MCN Blogs
David Poland

By David Poland poland@moviecitynews.com

News By the Numbers

There was only one story this week, so all of this week’s top 10 stories are somehow Oscar related. After this, you’ll get an Academy breather, with the race for 1998’s Oscar pretty much on hold until October. Which brings up one interesting thought: Had Titanic premiered in July 1997 as planned, it’s unlikely that it would be blessed with 11 Oscars and over $1 billion today. Fate is an amazing thing.
10. Going Away Mad: A Michigan-based research film did a telephone poll after the Academy Awards and asked who was the worst-dressed of the night. Madonna “won” the contest, with Cher running second. Perhaps Madonna shouldn’t have borrowed a dress from Kirstie Alley‘s wardrobe from “Veronica’s Closet.”
9. Leo Shows Up. Naked!: Leonardo DiCaprio is suing Playgirl magazine for planning to publish nudes of the Academy-snubbed actor in next month’s issue. Of course, this is kind of silly since Leo has appeared buck naked in two films already. Maybe he’s concerned he doesn’t fill the frame quite like former Playgirl-litigating model Brad Pitt. You know what they say: the longer the name.
8. Ben Hurt: When Titanic tied Ben-Hur with 11 Oscar wins on Monday night, ol’ Ben-Hur himself showed he still takes the races pretty seriously. “I know they’re comparing this to Ben-Hur, and that it tied with Ben-Hur,” bitched Charlton Heston. “Well, there were a lot fewer categories back then, so for it to win 11 was a real coup. Today, it’s a lot easier to get 11, so I think Ben-Hur still beats out Titanic.” Not too classy, Chuck. No truth to the rumor that when he ran into Jim Cameron at an after-party he said, “Get your stinkin’ hands off me, you filthy ape!” Ironically, the hottest rumor of the moment has “The King Of The World” Cameron setting his sights on remaking Planet of the Apes (at Titanic‘s senior-partner studio, 20th Century Fox) as his next project with Ahnuld in the loincloth that N.R.A. Charlie once wore. (Well, not literally the same one. That would be gross!) This is all possible because Universal pulled the plug on Ahnuld’s most pressing project, I Am Legend, which was a re-make of The Omega Man, which was (surprise!) a Charlton Heston movie.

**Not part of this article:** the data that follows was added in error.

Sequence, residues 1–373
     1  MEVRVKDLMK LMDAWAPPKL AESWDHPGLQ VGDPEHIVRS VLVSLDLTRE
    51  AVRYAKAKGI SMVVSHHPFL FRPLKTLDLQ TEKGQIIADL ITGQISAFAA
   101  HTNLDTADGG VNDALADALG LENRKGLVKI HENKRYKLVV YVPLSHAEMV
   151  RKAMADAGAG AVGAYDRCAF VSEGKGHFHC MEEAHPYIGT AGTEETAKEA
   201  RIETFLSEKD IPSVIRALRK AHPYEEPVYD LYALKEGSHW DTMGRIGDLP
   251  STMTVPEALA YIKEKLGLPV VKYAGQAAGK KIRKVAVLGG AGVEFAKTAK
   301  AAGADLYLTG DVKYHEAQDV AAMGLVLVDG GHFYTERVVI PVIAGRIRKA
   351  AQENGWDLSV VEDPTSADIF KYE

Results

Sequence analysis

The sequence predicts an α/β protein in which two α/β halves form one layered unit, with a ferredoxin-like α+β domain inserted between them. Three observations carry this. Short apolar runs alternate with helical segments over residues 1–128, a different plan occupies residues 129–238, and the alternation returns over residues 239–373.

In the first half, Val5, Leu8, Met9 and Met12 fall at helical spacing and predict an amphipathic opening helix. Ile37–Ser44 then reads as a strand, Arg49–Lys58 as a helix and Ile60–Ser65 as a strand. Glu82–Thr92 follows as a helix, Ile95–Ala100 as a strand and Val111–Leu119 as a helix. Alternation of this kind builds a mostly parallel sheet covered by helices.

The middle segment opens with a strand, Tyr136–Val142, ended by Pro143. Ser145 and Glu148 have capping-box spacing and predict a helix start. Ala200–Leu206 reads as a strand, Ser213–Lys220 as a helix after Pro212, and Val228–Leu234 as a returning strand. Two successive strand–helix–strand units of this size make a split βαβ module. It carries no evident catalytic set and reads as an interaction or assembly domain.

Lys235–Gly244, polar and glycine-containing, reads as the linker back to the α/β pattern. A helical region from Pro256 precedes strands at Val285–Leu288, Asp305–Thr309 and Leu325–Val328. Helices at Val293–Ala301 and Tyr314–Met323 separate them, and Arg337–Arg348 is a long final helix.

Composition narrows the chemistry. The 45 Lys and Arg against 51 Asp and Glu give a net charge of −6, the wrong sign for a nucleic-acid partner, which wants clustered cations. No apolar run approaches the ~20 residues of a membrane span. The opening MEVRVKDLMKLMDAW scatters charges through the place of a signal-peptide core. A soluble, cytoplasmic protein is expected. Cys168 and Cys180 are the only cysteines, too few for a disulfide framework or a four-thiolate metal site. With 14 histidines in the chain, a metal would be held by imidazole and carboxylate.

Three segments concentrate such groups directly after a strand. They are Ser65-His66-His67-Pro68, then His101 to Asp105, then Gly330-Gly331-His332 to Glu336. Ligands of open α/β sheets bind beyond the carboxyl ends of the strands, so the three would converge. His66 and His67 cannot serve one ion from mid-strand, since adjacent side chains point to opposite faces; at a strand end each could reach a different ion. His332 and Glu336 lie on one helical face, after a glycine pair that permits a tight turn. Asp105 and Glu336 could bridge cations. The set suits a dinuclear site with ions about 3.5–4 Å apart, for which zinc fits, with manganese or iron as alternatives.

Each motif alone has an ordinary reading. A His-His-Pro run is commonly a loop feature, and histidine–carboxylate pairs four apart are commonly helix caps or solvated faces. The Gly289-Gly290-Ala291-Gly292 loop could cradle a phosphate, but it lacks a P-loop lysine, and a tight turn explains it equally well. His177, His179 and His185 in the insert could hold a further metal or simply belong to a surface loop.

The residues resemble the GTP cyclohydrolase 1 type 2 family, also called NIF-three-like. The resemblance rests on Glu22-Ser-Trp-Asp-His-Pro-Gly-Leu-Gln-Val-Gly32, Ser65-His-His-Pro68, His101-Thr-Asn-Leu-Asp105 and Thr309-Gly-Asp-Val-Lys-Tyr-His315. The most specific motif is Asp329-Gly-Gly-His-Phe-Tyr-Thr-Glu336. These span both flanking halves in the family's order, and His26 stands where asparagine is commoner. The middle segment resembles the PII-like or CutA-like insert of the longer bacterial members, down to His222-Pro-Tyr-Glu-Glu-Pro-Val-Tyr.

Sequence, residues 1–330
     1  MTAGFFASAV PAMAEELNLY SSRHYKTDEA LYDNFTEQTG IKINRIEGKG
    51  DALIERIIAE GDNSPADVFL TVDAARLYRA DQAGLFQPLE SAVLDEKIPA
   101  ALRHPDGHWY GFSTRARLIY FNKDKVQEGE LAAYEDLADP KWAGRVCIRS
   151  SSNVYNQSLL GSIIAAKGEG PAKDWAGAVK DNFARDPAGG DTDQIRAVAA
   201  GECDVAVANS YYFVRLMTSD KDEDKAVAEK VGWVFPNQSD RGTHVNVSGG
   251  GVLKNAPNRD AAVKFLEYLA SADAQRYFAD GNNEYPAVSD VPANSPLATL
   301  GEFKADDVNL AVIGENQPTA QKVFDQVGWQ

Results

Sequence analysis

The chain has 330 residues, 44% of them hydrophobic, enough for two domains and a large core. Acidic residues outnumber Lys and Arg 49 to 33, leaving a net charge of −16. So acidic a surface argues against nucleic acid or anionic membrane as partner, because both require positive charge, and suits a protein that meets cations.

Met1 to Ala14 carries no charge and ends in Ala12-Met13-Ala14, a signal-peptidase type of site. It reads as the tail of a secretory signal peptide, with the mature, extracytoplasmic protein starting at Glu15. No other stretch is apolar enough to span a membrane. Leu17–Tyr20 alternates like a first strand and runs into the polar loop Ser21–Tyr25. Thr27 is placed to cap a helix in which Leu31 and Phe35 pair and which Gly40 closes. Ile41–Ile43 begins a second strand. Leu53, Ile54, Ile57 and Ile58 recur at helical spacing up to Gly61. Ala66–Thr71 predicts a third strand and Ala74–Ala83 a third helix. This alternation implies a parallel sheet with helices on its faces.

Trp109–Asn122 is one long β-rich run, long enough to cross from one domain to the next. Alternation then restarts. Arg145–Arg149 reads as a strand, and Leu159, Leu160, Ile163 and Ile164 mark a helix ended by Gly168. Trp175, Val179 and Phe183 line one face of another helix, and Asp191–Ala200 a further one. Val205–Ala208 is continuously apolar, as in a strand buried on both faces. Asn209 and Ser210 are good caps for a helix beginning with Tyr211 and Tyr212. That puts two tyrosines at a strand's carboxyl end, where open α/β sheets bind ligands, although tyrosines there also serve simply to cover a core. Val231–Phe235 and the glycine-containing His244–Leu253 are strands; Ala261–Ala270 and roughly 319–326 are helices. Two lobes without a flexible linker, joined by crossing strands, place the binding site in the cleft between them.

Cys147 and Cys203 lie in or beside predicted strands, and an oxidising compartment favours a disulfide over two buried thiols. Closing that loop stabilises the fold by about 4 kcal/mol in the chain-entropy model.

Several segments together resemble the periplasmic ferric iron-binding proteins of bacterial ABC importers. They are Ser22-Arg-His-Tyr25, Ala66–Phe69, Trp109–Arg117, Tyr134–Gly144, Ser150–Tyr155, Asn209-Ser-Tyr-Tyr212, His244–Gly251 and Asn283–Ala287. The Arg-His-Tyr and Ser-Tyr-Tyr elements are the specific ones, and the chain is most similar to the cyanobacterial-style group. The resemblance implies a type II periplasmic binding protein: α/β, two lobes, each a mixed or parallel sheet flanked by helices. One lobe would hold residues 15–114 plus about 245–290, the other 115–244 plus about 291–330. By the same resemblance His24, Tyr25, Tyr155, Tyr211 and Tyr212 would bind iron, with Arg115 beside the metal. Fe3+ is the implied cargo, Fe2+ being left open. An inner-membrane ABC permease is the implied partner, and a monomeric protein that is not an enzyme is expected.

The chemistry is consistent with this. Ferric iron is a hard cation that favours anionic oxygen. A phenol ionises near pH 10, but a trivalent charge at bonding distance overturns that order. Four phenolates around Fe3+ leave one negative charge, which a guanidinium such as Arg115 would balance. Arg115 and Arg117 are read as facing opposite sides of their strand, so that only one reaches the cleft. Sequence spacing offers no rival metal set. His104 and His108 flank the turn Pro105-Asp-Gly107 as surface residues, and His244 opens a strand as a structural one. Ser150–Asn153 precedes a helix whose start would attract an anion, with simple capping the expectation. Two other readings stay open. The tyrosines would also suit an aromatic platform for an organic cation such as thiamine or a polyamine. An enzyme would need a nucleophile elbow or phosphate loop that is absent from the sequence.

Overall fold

7. Matt & Minnie – The Final Chapter: Word is that Minnie Driver, Matt Damon and Winona Ryder all occupied the same 10 square feet of party on Monday night, sending Minnie away in tears. This will hopefully be the very last public chapter in the most public break-up since Debbie Reynolds and Eddie Fisher. And keep this in mind, Minnie. Eddie Fisher. Just keep saying it to yourself. Eddie Fisher. Debbie Reynolds is still making movies. Eddie Fisher.
6. All About Ashley: Howard Stern and many others spent Tuesday reviewing the state of Ashley Judd‘s undergarments, or lack of such, as the actress strode across Oscar’s stage Monday night. Her publicists kept the conversation alive by issuing a stern denial. I happened to have taped the awards. After watching the tape in slo-mo, over and over, I am convinced of two things. One, I don’t care about catching a fleeting glance at a beautiful woman’s private parts nearly as much as I did when I was in high school. And two, that girl was footloose and panty free.
5. Missing: The line-up of former acting Oscar-winners was surprisingly incomplete. Frank Sinatra, Elizabeth Taylor and Barbra Streisand were all out on sick leave. Paul Newman, Joanne Woodward, Al Pacino, William Hurt, Sissy Spacek, Diane Keaton, Gene Hackman, Marlon Brando (who didn’t accept his Oscar in the first place), Christopher Walken, Paul Scofield and Daniel Day-Lewis are all notorious no-shows. But where were Tom Hanks, Jodie Foster, Nicolas Cage, F. Murray Abraham, Emma Thompson, Sally Field, Shirley MacLaine, Meryl Streep, Kevin Spacey, Tommy Lee Jones, Kevin Kline (whose father-in-law, Gil Cates, produced the award show), Dianne Wiest, Mercedes Ruehl, Olympia Dukakis, Linda Hunt, Jessica Lange, Mary Steenburgen, Julie Andrews, Jane Fonda and Patty Duke?